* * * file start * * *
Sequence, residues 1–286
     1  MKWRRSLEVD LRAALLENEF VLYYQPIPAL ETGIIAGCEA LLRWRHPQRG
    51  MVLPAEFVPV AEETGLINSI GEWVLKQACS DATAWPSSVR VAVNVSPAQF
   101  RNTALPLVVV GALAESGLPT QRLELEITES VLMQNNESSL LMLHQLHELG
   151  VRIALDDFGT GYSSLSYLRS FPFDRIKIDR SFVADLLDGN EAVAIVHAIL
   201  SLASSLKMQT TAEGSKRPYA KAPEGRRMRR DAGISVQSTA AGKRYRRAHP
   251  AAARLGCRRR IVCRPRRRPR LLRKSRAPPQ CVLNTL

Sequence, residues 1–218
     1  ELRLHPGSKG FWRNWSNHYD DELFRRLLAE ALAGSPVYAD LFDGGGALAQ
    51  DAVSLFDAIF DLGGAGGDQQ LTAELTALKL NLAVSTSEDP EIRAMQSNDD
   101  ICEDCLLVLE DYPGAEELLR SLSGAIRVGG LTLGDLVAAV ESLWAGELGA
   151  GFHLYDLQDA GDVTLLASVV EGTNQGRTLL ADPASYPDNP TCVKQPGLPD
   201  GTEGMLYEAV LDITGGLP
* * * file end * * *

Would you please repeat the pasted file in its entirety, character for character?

Sequence, residues 1–286
     1  MKWRRSLEVD LRAALLENEF VLYYQPIPAL ETGIIAGCEA LLRWRHPQRG
    51  MVLPAEFVPV AEETGLINSI GEWVLKQACS DATAWPSSVR VAVNVSPAQF
   101  RNTALPLVVV GALAESGLPT QRLELEITES VLMQNNESSL LMLHQLHELG
   151  VRIALDDFGT GYSSLSYLRS FPFDRIKIDR SFVADLLDGN EAVAIVHAIL
   201  SLASSLKMQT TAEGSKRPYA KAPEGRRMRR DAGISVQSTA AGKRYRRAHP
   251  AAARLGCRRR IVCRPRRRPR LLRKSRAPPQ CVLNTL

Sequence, residues 1–218
     1  ELRLHPGSKG FWRNWSNHYD DELFRRLLAE ALAGSPVYAD LFDGGGALAQ
    51  DAVSLFDAIF DLGGAGGDQQ LTAELTALKL NLAVSTSEDP EIRAMQSNDD
   101  ICEDCLLVLE DYPGAEELLR SLSGAIRVGG LTLGDLVAAV ESLWAGELGA
   151  GFHLYDLQDA GDVTLLASVV EGTNQGRTLL ADPASYPDNP TCVKQPGLPD
   201  GTEGMLYEAV LDITGGLP